After Mohs processing and histological examination of the slides, both layers were still involved with the tumor. As expected when color-coded on the Mohs maps, the involved areas on the horizontal and vertical layers were "kissing" each other, indicating that this technique is accurate (Figure 5).

During the subsequent Mohs stages, the flap was further elevated at the same plane to allow the continuation of the three-dimensional Mohs resection. Two more stages were performed this way until clear borders were finally obtained.The horizontal-vertical simultaneous Mohs maps demonstrated smaller and smaller involved "kissing" areas until "negative" result or "no tumor" was present. Thirteen Mohs stages and 62 slides were needed to complete the surgery. The vertical hair-bearing flap was placed back and secured with staples (Figure 6).

The rest of the huge defect, 10x8 cm, was reconstructed with an upward cheek advancement flap, facelift style, and a full thickness skin graft from the inner left arm.


The post-operative period was uneventful. Full take of the graft was observed and the hair on the Mohs-treated vertical flap continued growing (Figure 7). No tumor recurrence was observed in a six-month follow up.


Mohs surgery has long been considered the "Gold Standard" technique for the treatment of skin cancer such as BCC,(8-13) SCC(10-12) and DFSR(14) Smeets et al. concluded that Mohs is the first choice treatment for primary facial BCCs with an aggressive histopatho-logical subtype and for recurrent BCCs on the face.(9)

In recent years, the Mohs technique has been utilized more frequently in the treatment of other non-melanoma skin lesions.(15),(16) Snow et al. published their conclusions after performing Mohs surgery in nine cases of sebaceous carcinoma in the eyelid(17) and 13 cases of microcystic adnexal carcinoma.(18) Wittenberg et al. performed Mohs surgery for the treatment of five cases of eccrine porocarcinoma,(19) and Boyer et al. reviewed their experience in the treatment of 45 cases of Merkel cell carcinoma with Mohs surgery followed by radiation therapy.(20)

The advantages of the Mohs technique have been emphasized throughout the literature regarding non-melanoma skin lesions; however, it has become evident that Mohs surgery could also be used in the treatment of melanoma.(21-22) Peter et al. presented their long-term experience in the treatment of periocular melanoma using a staged, modified Mohs excision technique. They state that the use of Mohs is becoming increasingly common in difficult areas, such as the periocular area, where standard surgical margins may not be feasible and clinical margins are poorly defined. They conclude that margin-control surgery is favored in the treatment of periocular melanoma to maximize cure rates and minimize postoperative morbidity by sparing normal tissue. (22)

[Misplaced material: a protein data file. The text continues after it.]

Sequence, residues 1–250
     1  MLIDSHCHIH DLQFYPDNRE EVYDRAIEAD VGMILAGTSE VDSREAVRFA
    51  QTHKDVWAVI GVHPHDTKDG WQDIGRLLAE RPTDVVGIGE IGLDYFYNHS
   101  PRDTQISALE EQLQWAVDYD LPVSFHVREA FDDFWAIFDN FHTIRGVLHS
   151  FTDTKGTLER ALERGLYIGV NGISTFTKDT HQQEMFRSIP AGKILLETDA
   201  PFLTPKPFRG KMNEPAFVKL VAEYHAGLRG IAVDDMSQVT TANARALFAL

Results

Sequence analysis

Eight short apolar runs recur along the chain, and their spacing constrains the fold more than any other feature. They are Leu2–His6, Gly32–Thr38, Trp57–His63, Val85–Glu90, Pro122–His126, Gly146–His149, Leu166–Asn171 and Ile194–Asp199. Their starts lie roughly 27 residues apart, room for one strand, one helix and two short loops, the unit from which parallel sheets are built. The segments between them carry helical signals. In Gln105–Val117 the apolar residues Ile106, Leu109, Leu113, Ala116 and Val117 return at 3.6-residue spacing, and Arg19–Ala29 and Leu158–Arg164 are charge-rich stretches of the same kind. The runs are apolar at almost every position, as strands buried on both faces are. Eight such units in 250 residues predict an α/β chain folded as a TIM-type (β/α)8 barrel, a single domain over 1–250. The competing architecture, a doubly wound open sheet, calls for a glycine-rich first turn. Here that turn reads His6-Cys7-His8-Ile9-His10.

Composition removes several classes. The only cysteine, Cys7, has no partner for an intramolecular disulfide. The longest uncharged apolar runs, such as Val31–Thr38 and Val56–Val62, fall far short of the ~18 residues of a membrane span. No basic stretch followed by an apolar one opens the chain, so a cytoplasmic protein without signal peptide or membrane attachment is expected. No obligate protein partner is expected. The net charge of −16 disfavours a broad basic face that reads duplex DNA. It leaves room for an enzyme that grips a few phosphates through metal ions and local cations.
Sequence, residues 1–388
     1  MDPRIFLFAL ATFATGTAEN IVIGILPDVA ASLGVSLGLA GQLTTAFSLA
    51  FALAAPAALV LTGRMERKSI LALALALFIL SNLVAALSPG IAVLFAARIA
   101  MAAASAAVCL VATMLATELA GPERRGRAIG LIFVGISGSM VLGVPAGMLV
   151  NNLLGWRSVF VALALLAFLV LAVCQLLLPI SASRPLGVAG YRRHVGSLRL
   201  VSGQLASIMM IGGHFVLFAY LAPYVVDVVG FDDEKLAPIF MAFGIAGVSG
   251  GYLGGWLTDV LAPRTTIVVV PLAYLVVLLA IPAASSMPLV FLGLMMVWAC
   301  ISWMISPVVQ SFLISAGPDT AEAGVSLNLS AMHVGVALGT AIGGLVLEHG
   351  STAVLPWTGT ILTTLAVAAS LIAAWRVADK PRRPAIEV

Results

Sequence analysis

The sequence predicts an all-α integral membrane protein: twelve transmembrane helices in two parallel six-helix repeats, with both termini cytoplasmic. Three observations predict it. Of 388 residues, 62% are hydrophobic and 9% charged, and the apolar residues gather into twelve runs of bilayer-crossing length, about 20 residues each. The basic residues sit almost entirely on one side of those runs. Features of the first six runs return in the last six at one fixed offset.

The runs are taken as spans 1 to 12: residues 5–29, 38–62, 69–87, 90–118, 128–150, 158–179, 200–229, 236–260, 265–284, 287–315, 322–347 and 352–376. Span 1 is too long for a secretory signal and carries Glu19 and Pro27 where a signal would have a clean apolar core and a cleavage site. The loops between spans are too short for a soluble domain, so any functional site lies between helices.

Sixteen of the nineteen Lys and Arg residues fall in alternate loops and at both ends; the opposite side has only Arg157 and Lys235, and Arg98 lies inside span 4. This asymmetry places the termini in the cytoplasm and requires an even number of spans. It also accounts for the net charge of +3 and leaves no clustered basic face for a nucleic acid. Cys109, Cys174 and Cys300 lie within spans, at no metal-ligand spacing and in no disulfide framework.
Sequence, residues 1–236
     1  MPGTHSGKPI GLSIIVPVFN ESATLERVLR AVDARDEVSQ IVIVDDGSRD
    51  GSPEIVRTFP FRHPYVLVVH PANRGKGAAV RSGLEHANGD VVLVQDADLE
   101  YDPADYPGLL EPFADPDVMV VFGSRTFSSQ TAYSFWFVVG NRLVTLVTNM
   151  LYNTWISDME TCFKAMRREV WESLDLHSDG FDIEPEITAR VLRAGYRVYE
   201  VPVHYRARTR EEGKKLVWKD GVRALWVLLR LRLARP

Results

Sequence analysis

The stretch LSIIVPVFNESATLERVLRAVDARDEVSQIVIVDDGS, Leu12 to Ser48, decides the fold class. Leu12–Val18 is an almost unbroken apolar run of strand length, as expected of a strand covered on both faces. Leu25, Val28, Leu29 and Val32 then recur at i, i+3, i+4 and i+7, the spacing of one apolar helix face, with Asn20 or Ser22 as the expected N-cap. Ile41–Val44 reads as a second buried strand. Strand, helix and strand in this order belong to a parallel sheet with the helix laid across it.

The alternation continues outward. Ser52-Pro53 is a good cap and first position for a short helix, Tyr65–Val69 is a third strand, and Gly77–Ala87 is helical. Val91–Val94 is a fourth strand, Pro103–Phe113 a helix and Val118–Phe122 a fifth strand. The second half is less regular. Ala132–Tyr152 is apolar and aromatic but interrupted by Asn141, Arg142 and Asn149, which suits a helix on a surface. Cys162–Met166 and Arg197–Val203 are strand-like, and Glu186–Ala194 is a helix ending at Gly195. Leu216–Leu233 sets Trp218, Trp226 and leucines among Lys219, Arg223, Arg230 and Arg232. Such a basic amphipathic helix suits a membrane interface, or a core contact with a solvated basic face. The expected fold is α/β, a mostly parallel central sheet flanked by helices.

The Mohs technique is basically a two-dimensional procedure. The tumor is located on the surface and the layers are removed tangentially. It seems that a three-dimensional tumor that is buried deeply under the skin cannot be cut and processed in all three dimensions, and the surgeon has to extirpate it with the overlying normal skin and proceed with a two-dimensional Mohs technique. Braun et. al has managed to create a three-dimensional reconstruction of BCC lesions using a computerized workup on Mohs slides, which enables the surgeon to follow in a better way after the full structure of the lesion.(23)Their technique allows a better understanding of the true three-dimensional structure of BCC. As such, a three-dimensional technique is required if a truly "skin sparing" surgery is to be performed.

We propose our three-dimensional (3D) Mohs technique in order to continue excising the underlying spreading tumor while keeping the upper skin surface intact, creating a lesser defect and sparing precious vital uninvolved skin. Using the 3D technique described here, normal skin can be saved and the defect is significantly smaller. Furthermore, 3D Mohs can be applied in situations were the patient has undergone a "blind" extirpation of a tumor and the defect was covered with a flap. When the pathology result indicates later on that the tumor was incompletely excised, the Mohs surgeon faces a dilemma. He has to destroy the flap in order to reach the "involved" area. Via a careful use of the 3D technique as we described -- by raising the original flap, recreating the original defect, and proceeding with 3D Mohs surgery of all the defected borders and on the undersurface of the flap -- the surgeon may save the flap and reuse it.The chances of the flap surviving are still high because it was actually delayed.(24)

The authors herby present the first 3D Mohs case and challenge other Mohs surgeons to use this logical and simple technique for selected patients. Since patients suitable for the 3D Mohs are sparse, accumulation of more data form fellows Mohs surgeons is needed to decide if this technique is valuable.